In a third embodiment of the present invention, a wireless communication unit having a system of enhancing user interfaces using speaker directionality can include a transceiver, a speaker phone having a microphone array on a communication device at a first location, and a processor coupled to the microphone array and transceiver. The processor can be programmed to associate a speaker direction with a given speaker using the microphone array and identify the given speaker and provide an indication of the given speaker at a communication device at a second location in communication with the communication device at the first location. The processor can also be programmed to map or assign sectors to a number of speakers using the microphone array in the first location based on speaker directionality of each of the number of speakers. The processor can also provide the indication of the given speaker by embedding information within a communication channel between the communication device at the first location and the communication device at the second location. The processor further enables a user to add a given speaker name or identifier based on a previously stored voice profile, or manually add a given speaker name or identifier to the given speaker as the given speaker is speaking, or to manually map or assign predetermined locations at the first location with given speaker names or identifiers. The processor can also be programmed to lock out or mute other audio from a direction other than audio from a direction coming from the given speaker or audio identified as being from the given speaker.

The terms “a” or “an,” as used herein, are defined as one or more than one. The term “plurality,” as used herein, is defined as two or more than two. The term “another,” as used herein, is defined as at least a second or more. The terms “including” and/or “having,” as used herein, are defined as comprising (i.e., open language). The term “coupled,” as used herein, is defined as connected, although not necessarily directly, and not necessarily mechanically.

The terms “program,” “software application,” and the like as used herein, are defined as a sequence of instructions designed for execution on a computer system. A program, computer program, or software application may include a subroutine, a function, a procedure, an object method, an object implementation, an executable application, an applet, a servlet, a source code, an object code, a shared library/dynamic load library and/or other sequence of instructions designed for execution on a computer system. The “processor” as described herein can be any suitable component or combination of components, including any suitable hardware or software, that are capable of executing the processes described in relation to the inventive arrangements. A microphone array should generally be understood to be a plurality of microphones at different locations. This could include different locations on a single device. Using sound propagation principles, the individual microphone signals can be filtered and combined to enhance sound originating from a particular direction or location and the location of the principal sound sources can also be determined dynamically by investigating the correlation between different microphone channels. A speaker phone can be a telephone, cellular phone or other communication device with a microphone and loudspeaker provided separately from those in the handset. In this way, more than one person can participate in a conversation using this device. The loudspeaker broadcasts the voice or voices of those on the other end of the communication line, while the microphone captures all voices of those using the speakerphone.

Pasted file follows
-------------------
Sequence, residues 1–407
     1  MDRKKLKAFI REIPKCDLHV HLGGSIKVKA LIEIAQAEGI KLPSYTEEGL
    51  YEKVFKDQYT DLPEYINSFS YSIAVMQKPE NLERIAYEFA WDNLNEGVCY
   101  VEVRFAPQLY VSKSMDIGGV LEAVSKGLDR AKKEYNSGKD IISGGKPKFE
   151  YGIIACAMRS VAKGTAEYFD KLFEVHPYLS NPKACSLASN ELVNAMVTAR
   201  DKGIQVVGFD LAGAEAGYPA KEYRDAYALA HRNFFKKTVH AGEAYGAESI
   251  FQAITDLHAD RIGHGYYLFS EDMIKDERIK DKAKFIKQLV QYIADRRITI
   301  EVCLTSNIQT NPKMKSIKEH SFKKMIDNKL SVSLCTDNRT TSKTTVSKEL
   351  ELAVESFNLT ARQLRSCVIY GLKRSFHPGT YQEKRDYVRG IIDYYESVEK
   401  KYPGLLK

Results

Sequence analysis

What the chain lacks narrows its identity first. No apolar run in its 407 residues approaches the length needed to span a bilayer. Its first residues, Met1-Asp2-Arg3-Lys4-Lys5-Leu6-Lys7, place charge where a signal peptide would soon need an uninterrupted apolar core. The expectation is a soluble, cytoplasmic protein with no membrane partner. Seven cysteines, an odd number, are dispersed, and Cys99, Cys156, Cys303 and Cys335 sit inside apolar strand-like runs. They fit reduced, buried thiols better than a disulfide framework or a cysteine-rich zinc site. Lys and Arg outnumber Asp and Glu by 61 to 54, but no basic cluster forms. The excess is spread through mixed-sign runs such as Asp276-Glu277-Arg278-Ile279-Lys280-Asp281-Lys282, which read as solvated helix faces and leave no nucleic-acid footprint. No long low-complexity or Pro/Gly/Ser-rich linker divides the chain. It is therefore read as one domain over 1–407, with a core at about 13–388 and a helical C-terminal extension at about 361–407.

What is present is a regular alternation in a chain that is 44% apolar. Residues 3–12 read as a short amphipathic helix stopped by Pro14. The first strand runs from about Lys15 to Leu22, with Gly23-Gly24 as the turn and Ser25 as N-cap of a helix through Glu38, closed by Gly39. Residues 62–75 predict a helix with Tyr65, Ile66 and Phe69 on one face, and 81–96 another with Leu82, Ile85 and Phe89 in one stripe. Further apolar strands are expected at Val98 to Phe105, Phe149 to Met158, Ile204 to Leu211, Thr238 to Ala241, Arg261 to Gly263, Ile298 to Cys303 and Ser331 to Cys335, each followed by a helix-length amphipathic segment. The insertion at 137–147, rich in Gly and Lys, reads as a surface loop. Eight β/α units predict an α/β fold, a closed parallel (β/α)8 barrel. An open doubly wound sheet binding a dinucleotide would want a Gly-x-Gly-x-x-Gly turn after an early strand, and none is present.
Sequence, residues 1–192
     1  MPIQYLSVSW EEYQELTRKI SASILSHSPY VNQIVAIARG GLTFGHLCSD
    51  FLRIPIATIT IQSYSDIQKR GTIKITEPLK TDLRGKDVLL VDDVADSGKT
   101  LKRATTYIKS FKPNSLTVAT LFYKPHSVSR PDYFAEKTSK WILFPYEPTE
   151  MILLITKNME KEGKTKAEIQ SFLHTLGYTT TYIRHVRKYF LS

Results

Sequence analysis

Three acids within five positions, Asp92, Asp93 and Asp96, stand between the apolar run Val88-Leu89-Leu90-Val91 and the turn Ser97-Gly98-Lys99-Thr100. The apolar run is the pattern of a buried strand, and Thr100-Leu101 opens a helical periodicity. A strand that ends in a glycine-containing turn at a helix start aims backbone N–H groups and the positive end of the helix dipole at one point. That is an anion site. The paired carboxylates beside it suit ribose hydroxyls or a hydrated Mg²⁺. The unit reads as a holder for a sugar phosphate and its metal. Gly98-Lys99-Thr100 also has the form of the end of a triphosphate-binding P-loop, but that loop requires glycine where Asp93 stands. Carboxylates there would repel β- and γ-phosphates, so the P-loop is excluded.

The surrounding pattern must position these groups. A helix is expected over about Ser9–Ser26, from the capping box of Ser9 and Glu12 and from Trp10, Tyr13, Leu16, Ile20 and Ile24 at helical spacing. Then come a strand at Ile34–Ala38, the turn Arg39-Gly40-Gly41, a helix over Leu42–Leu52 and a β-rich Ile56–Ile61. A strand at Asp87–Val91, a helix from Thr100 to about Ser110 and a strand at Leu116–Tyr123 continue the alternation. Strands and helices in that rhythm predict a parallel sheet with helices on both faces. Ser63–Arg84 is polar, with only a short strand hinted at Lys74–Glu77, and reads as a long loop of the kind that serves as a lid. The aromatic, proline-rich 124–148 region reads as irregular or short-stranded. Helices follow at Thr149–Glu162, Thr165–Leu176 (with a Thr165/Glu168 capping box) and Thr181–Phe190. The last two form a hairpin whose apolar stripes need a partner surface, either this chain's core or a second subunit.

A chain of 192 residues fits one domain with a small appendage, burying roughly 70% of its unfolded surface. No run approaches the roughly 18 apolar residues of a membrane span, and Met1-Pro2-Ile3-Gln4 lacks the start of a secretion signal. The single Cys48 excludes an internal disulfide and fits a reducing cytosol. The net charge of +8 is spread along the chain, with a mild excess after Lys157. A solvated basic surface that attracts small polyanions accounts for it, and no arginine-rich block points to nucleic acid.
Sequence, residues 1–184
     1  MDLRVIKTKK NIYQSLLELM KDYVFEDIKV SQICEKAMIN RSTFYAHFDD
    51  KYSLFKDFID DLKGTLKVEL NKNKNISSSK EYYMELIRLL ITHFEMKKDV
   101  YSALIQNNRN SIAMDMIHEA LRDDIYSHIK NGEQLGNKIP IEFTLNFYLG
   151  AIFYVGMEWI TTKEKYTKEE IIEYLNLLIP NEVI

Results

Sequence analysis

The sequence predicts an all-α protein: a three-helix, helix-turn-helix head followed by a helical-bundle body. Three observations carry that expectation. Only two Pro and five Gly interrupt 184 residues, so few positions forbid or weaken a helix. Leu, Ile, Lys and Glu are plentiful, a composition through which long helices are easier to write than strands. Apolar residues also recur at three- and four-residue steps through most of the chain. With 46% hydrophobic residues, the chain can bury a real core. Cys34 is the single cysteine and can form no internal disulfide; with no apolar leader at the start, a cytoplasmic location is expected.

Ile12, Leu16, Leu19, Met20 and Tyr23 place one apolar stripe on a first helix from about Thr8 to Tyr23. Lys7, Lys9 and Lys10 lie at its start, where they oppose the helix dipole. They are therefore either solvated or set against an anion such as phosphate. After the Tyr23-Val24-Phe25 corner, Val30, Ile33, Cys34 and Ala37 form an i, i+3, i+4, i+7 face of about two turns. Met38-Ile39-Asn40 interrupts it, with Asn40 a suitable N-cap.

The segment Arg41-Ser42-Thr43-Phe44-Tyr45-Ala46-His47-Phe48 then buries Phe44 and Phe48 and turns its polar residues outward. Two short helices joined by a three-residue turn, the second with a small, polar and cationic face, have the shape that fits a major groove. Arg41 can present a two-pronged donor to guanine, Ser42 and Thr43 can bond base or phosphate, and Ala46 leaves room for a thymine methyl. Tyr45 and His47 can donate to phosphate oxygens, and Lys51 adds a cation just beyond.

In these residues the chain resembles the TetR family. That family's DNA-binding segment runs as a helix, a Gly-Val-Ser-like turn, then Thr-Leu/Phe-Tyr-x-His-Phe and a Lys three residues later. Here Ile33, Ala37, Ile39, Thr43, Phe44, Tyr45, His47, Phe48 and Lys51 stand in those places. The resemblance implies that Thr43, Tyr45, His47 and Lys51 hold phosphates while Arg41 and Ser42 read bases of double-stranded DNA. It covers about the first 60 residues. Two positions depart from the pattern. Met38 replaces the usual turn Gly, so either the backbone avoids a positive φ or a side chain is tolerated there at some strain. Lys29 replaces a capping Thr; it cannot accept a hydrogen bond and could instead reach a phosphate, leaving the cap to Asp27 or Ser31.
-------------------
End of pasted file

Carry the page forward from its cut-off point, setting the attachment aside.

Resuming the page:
Other embodiments, when configured in accordance with the inventive arrangements disclosed herein, can include a system for performing and a machine readable storage for causing a machine to perform the various processes and methods disclosed herein.

BRIEF DESCRIPTION OF THE DRAWINGS

FIG. 1 is a flow chart of a method of enhancing user interfaces using speaker directionality in accordance with an embodiment of the present invention.

FIG. 2 is an illustration of a system for enhancing user interfaces using speaker directionality in accordance with an embodiment of the present invention.

FIG. 3 is another illustration of the system of FIG. 2 in accordance with an embodiment of the present invention.

FIG. 4 is a illustration of a schematic diagram of a system for enhancing user interfaced in accordance with an embodiment of the present invention.

DETAILED DESCRIPTION OF THE DRAWINGS